In the ISAAC survey, parents answered the questionnaire based on their memories, and therefore, recall biases should be considered when interpreting the answers. In fact, there is a discrepancy between actual bronchial hyperresponsiveness and the prevalence of asthma obtained by a questionnaire.8,9 Furthermore, such discrepancy can be induced by differences in the methods of a questionnaire survey, which should be improved for future ISAAC surveys.10,11
In the present study, it was found that prevalence of wheezing and asthma in elementary school students in Seoul City was significantly higher in male than in female subjects. Previous studies have demonstrated that asthma develops more frequently in male subjects before adolescence and in females after adolescence, and that these differences become smaller after menopause without any change in sexual predilection.12-17 In addition, it is generally known that in childhood, bronchial hyperresponsiveness to methacholine is higher in boys than in girls. Although this difference has been shown to correlate with changes in anatomical structures from birth through adolescence and differences in growth hormone levels, its exact mechanisms have not yet been elucidatied.18,19
The prevalence of allergic diseases tends to be lower in rural areas, which may have high exposure rates to microbial environments, than in urban areas.20 Moreover, the prevalence of allergic diseases varies among urban areas due to differences in socioeconomic status, concentrations of indoor allergens, and the level of atopy.21 In our study, lifetime prevalence of wheezing was lower in the downtown and southwestern areas than in the other areas, which suggests that there may be differences in socioeconomic status, life environments/traffic conditions, and effective medical care among the areas. However, our results should be interpreted carefully because the response rate to the questionnaire was significantly lower in the downtown area (82.0%).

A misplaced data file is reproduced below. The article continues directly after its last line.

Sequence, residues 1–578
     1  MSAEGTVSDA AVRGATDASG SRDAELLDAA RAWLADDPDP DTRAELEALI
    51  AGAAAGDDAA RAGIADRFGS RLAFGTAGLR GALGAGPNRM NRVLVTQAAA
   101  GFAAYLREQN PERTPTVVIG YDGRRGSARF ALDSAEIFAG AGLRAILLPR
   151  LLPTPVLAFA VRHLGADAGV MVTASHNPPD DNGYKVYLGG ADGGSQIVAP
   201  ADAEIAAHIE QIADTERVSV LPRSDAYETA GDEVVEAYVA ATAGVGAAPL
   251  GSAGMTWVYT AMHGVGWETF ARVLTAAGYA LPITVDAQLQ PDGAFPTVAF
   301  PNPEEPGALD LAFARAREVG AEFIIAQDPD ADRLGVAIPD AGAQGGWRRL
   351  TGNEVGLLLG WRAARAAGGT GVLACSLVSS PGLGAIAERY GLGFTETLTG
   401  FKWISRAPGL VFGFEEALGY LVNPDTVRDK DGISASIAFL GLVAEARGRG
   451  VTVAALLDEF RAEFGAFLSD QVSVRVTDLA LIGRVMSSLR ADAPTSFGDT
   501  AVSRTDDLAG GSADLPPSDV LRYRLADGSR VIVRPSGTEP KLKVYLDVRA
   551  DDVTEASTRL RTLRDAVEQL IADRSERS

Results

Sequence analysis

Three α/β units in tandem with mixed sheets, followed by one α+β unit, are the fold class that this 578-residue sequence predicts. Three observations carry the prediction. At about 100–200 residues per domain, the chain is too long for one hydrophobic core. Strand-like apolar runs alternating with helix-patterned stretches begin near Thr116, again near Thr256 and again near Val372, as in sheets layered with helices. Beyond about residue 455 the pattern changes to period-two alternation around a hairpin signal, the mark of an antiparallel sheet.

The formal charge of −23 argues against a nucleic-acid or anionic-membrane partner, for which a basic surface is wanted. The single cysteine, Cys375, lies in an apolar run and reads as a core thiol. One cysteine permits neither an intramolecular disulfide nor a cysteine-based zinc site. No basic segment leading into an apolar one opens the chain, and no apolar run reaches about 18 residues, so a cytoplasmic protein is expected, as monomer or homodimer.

A recent Tucson cohort study demonstrated that risk factors for chronic asthma from childhood through adulthood are wheezing after age 3 years, sensitization to Alternaria at age 6 years, bronchial hyperresponsiveness, and decreased pulmonary function at age 6 years, and that independent risk factors for newly diagnosed asthma at age 22 years are hyperresponsiveness and decreased pulmonary function at age 6 years, late-onset wheezing after age 3 years, and early persistent wheezing from under age 3 to age 6 years.22 Thus, because asthma develops in infancy, the asthma predictive index (API) is very useful for evaluating risk factors for asthma after infancy.23 In the modified API, history of AD, parental asthma, and sensitization to aeroallergens have been suggested as major risk factors.24 In our study, history of AD and parental asthma were independent risk factors for wheezing within 12 months. Our finding that the risk for asthma was higher in male than in female subjects might have been due to a higher prevalence of asthma and bronchial hyperresponsiveness before adolescence.18,19 In our study, a history of bronchiolitis before age 2 years was a risk factor for wheezing and asthma. A previous investigation proposed that a history of respiratory syncytial virus bronchiolitis in infancy is a risk factor for asthma.25 More work is currently being carried out on the interactions between genes and viruses in patients with recurrent virus-induced wheezing.26
Many epidemiological studies have shown that, after exposure to microbial environments during infancy, T-helper 2 immune responses are inhibited and T-helper 1 immune responses are induced with subsequent prevention of allergic diseases, whereas the excessive use of antibiotics during infancy alters the intestinal flora with subsequent reduction in the preventive effect.27,28 The 2000 ISAAC survey conducted in Korea found that the use of antibiotics during infancy is an independent risk factor for allergic disease.29 Similarly, our study showed that the use of antibiotics for ≥3 days was an independent risk factor for wheezing within 12 months. Some investigations have indicated that there is no significant correlation between the use of antibiotics and the development of asthma.28 Further studies are warranted.